If you are looking to provide references, try not to exceed five unless asked otherwise. If you can’t provide at least 3 references, it may be a good time to look into temporary work. Temp work will help grow your reference list and work experience.
A temporary position may be the best way to network and get good references when applying for more jobs. In some cases, these temporary positions can turn into full-time job offers. If you are experiencing no callbacks when applying for jobs, you may want to consider working with a staffing agency near you.
Why You Should Ask for Permission before using Someone as a Reference
Reaching out to someone before listing them as a reference is a common courtesy, but some people forget to do it. Sometimes people will list references in hopes that the employer doesn’t reach out to them. However, reaching out to references before listing them is now an essential part of the job search. The last thing you want to do is list someone as a reference and have them not remember who you are. That is why reaching out to them beforehand to catch up is the best idea.
One of the final steps in the hiring process is to reach out to references. If an employer reaches out to one bad reference, it can change their mind on hiring you. You can easily prevent this. Reaching out to a reference before listing them is a great way to get an idea of whether they would give you a good reference. Calling an old boss or old colleague that never answers your phone or texts will be a sign that they will not be the best reference.
In addition, if you call them and they are short answered with you and not really interested in the conversation, don’t bring up the fact that you are calling in regards to a reference. Rather, end the call and think of another professional reference.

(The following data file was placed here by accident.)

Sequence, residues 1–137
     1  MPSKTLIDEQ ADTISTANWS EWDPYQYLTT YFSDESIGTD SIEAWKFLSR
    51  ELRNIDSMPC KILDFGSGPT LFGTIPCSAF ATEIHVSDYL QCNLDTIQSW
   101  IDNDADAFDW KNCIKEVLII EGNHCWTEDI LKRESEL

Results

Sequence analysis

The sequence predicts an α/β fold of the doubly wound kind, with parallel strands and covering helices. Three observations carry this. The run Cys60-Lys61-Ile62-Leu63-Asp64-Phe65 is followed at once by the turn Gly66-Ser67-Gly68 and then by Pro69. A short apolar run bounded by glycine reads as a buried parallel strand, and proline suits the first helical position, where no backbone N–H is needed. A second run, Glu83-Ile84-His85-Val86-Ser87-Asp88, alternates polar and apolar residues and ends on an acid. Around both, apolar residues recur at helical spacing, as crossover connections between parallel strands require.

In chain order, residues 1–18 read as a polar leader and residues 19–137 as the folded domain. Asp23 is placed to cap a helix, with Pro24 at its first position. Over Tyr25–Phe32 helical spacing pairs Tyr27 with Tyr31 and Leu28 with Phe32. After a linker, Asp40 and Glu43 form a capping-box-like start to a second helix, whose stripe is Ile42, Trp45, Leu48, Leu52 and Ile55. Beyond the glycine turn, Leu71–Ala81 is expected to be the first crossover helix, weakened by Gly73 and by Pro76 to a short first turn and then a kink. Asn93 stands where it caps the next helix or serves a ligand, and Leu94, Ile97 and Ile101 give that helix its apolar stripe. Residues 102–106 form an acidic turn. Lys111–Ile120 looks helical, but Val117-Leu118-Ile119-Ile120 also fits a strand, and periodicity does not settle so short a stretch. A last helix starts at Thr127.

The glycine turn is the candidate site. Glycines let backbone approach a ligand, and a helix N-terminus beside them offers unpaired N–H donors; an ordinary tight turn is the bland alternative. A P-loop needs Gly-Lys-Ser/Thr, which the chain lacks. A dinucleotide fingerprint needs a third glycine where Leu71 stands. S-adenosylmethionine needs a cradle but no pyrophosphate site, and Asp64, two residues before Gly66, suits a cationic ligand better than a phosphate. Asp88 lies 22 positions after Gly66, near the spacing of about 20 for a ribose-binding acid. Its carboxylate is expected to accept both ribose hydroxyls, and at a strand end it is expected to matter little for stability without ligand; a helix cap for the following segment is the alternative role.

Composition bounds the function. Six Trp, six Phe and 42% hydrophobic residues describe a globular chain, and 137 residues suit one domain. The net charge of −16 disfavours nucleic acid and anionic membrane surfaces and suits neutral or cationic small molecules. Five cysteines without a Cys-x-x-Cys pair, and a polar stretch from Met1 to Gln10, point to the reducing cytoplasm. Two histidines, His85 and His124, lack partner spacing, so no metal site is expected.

Another reason to ask for permission is they won’t be caught off guard by a call. If you are currently seeking a new opportunity and list your current boss as a reference, a heads-up to your employer is essential. Also, if an employer is put on the spot, they might not remember all your best qualities. Forewarning a reference will give them ample time to think about what they will say.
You should always update your references regularly. Most employers will like at least one reference from your most recent position. If your reference list is a year old, you may want to update it. Update the list with an employee or manager from your most recent experience.
Before sending over references to an employer, make sure to review your list of references. Friendships or relationships with past employees or supervisors can change. If you had a fallout with one of your references, make sure to take them off.
If you haven’t seen or talked to a reference in several years, you will need to update that contact. That is why staying in contact with colleagues and supervisors is very important. If you have an employer on your references from several years ago, they will only be able to talk about your work ethic back then, not now, making it harder for recruiters or managers to get an idea of your work ethic.
Our last tip is, have a separate file for your references, do not add them to your resume. Now that you know more about the importance of updating references and staying in contact with colleagues and supervisors, are you ready to start working? Check out a full list of our job opportunities at citypersonnel.net/jobs!
For more tips on how to provide professional references, check out our other blog posts!